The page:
The DEA has shared its final production quotas for research drugs for 2023 and is now aiming for further manufacturing goals of several psychedelic compounds than the already substantial increases regarding 2022 initially proposed, reported Marijuana Moment.
The compounds include marijuana, MDMA, psilocyn, LSD, mescaline, 5-MeO-DMT, MDA, and 2-CB.
The agency stated that it is “committed to ensuring an adequate and uninterrupted supply of controlled substances in order to meet the estimated legitimate medical, scientific, research, and industrial needs of the U.S., for lawful export requirements, and for the establishment and maintenance of reserve stocks.”
As such, 2023’s production quota numbers for psilocyn would go from the original 8,000 grams to 12,000 grams, 5-MeO-DMT from 6,000 to 11,000, MDMA from 8,200 to 12,000 grams, MDA from 200 to 12,000 grams, and 2-CB from 25 to 5,100 grams.
In the case of marijuana, the DEA suggested the production of 6.7 million grams -or 14,770 pounds- for medical and scientific purposes, more than double that of 2022. Licensed cultivators can now apply to become federal marijuana suppliers under the National Institute on Drug Abuse (NIDA.)
Several companies have already made recommendations to raise DEA’s 2023 proposed quotas in view of pre-clinical and clinical research particularly for PTSD, TRD, schizophrenia and anxiety.
The proposal also received a comment on behalf of David Heldreth and Panacea Plant Sciences PLSH regarding the creation of “diversified categories” for production and research on psilocybin-containing fungi fruiting bodies/sclerotia/liquid culture similar to cannabis (flower), fruiting body extract (akin to cannabis extract), and psilocybin and psilocyn separately as purified compounds (akin to delta-9-THC), as well as applying that same system for mescaline and other plants, fungi and lifeforms producing these compounds.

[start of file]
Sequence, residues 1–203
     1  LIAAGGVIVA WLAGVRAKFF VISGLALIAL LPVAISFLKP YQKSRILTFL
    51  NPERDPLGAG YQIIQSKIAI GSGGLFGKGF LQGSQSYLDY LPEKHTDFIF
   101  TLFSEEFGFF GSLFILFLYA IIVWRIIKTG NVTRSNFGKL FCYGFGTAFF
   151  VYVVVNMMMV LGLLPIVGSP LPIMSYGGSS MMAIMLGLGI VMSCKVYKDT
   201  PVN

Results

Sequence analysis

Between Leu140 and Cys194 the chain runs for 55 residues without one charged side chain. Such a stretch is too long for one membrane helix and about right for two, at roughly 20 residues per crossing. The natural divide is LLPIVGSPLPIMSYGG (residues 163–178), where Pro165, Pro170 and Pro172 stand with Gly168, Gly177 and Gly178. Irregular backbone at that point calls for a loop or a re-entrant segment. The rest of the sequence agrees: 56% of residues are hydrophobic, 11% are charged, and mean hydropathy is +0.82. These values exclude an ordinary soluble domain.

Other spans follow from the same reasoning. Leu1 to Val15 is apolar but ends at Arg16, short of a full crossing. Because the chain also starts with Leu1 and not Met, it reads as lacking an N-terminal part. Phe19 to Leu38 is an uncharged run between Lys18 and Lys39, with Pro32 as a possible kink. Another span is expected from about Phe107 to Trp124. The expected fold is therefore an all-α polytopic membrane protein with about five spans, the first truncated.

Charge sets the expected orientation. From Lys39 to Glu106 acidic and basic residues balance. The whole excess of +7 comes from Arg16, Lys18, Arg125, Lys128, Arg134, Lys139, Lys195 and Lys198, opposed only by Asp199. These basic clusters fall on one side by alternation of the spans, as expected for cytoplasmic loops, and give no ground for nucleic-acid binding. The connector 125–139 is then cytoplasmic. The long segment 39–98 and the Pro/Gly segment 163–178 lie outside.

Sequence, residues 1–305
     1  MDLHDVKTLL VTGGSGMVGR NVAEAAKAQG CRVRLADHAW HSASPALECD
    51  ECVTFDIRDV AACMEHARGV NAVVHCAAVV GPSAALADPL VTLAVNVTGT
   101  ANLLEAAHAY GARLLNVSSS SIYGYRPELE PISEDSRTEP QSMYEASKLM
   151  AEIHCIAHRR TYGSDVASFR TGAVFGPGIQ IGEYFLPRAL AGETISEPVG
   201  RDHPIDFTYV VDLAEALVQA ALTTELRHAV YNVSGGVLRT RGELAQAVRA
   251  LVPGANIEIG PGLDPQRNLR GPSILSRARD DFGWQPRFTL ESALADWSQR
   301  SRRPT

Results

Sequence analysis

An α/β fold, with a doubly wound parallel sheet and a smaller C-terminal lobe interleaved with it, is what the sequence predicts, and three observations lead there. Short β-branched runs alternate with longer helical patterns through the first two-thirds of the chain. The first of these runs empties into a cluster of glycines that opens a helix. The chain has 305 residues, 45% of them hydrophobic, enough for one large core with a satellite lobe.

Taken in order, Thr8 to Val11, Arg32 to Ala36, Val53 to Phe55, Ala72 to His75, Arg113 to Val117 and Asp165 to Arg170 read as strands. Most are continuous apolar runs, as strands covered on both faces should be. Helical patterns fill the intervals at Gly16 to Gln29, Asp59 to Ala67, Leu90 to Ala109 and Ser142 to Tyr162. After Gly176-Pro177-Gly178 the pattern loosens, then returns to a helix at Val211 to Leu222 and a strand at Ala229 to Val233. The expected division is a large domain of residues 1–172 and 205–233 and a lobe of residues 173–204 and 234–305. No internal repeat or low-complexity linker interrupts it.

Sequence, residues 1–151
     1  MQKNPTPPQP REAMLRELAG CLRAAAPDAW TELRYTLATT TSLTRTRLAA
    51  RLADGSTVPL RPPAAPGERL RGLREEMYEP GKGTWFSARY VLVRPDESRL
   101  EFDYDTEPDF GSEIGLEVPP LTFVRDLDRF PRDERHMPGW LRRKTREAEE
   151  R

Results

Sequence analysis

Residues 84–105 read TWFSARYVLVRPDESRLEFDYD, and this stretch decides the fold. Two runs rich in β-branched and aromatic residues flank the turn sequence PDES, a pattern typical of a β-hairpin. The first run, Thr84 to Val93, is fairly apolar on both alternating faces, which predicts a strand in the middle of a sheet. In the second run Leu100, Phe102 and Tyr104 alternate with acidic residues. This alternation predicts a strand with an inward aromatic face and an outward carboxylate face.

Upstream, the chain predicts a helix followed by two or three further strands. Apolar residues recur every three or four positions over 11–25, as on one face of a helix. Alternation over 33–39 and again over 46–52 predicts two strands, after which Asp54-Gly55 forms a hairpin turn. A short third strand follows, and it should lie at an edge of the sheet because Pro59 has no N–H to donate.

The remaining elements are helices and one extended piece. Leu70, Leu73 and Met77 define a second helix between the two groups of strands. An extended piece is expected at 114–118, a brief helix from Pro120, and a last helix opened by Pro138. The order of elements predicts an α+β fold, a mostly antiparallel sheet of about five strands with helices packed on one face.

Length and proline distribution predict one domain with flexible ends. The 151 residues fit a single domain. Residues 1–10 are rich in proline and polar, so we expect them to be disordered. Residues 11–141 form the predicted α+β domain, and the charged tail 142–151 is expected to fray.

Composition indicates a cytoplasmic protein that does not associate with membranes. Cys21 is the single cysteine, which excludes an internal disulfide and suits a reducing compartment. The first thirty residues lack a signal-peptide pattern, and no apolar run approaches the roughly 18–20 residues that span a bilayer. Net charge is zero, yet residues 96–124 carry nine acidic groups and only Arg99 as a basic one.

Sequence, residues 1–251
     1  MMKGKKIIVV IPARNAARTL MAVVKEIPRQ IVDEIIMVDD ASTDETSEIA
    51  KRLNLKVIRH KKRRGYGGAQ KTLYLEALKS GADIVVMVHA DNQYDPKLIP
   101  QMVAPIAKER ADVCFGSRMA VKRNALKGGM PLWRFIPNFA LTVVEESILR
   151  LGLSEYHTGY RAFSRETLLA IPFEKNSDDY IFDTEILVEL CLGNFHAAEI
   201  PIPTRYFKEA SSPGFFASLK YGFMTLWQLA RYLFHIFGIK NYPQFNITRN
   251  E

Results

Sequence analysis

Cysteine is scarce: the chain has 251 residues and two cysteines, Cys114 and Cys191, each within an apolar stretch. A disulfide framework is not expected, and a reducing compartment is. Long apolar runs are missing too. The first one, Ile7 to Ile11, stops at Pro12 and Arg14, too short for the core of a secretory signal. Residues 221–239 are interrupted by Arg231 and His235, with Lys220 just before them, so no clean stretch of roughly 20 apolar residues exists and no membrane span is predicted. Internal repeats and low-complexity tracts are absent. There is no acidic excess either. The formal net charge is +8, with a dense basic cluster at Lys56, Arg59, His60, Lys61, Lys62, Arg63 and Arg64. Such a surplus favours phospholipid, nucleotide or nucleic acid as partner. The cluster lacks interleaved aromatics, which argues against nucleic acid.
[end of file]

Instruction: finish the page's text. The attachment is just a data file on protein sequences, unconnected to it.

Interestingly, in that letter Heldreth and Panacea recommend the DEA to consider involving representatives from the indigenous communities in the processes determining amounts needed as they have "traditionally utilized fungi and other psychedelic medicines."
But the agency replied stating that the suggestions “do not impact the analysis involved in establishing” the production quotas for each substance.
Nonetheless, the DEA seems to be listening to what is taking place in the psychedelics space, as it has recently backed down on banning two psychedelic compounds claimed to have scientific value as well as a separate project to list five tryptamines as Schedule I substances.
Photo courtesy of Good luck images and hermanthos on Shutterstock.
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